A major focus of astronomy is supernova activity, and yet we have a limited understanding of what happens before the explosion. Recent research, which is covered in my Nature article Astronomers catch rare glimpse of a star’s final moments, captured the months leading up to a supernova. The data provides important insight into those final moments, and aligns nicely with existing theories.
From the article:
In August 2010, Eran Ofek of the Weizmann Institute of Science in Rehovot, Israel, and his colleagues discovered a supernova using the Palomar Transient Factory (PTF), a wide-field sky survey based at the Palomar Observatory in California.The PTF constantly sweeps the sky, often observing the same swaths nearly every night for months on end. The repeated observations make it ideally suited to pick up stars’ dying throes before they explode.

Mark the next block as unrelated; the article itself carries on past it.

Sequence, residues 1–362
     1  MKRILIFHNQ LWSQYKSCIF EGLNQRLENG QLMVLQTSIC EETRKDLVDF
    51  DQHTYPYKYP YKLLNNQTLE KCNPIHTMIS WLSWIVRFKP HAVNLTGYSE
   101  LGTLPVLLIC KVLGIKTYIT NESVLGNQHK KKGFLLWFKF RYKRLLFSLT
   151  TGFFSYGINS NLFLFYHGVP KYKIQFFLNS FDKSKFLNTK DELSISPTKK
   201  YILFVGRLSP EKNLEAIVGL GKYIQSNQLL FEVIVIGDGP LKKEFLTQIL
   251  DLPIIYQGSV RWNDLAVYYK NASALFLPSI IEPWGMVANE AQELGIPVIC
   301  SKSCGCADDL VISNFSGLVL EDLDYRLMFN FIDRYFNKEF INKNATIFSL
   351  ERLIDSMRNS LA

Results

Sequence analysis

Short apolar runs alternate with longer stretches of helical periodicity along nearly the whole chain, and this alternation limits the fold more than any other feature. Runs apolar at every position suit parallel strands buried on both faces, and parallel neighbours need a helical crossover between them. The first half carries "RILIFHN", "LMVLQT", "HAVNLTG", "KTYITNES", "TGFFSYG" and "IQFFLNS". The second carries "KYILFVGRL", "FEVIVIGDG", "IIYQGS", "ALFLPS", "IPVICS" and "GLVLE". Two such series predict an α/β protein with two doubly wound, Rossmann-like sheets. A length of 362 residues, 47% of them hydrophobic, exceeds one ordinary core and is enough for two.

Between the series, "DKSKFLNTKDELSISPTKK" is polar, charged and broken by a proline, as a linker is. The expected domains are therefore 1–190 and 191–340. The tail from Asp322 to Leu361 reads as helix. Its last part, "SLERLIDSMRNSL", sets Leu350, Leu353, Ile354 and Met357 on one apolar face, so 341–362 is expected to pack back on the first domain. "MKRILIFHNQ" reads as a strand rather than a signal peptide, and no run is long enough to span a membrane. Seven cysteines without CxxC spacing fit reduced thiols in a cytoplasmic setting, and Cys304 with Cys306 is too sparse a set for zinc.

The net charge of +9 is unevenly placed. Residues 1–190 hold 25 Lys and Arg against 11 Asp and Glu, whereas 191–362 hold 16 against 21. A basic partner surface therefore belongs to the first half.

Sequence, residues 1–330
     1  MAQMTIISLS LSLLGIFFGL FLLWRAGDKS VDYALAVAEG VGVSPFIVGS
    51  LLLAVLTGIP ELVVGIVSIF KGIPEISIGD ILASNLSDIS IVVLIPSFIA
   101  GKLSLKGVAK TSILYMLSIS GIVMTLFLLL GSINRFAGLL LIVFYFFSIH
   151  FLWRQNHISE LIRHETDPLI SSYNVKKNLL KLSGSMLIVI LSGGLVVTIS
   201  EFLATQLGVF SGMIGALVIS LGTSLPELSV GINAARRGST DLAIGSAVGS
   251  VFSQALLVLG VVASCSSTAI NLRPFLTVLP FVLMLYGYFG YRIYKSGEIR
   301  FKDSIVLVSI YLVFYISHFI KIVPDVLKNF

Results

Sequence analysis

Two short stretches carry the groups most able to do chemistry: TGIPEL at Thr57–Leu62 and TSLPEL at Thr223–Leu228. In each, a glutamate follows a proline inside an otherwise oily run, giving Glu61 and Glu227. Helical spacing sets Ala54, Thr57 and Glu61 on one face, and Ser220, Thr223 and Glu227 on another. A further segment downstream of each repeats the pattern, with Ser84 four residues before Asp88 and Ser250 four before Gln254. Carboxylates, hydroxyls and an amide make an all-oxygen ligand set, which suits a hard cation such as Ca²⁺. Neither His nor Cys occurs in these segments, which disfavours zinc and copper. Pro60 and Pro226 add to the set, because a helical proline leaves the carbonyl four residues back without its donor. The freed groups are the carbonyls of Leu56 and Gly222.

Looking back at earlier PTF images from the same patch of sky, the authors found a massive star blowing off into space a parcel of gas equivalent to about one per cent of our Sun’s mass. To the authors’ surprise, that eruption occurred a mere 40 days before the supernova itself, the researchers report in Nature.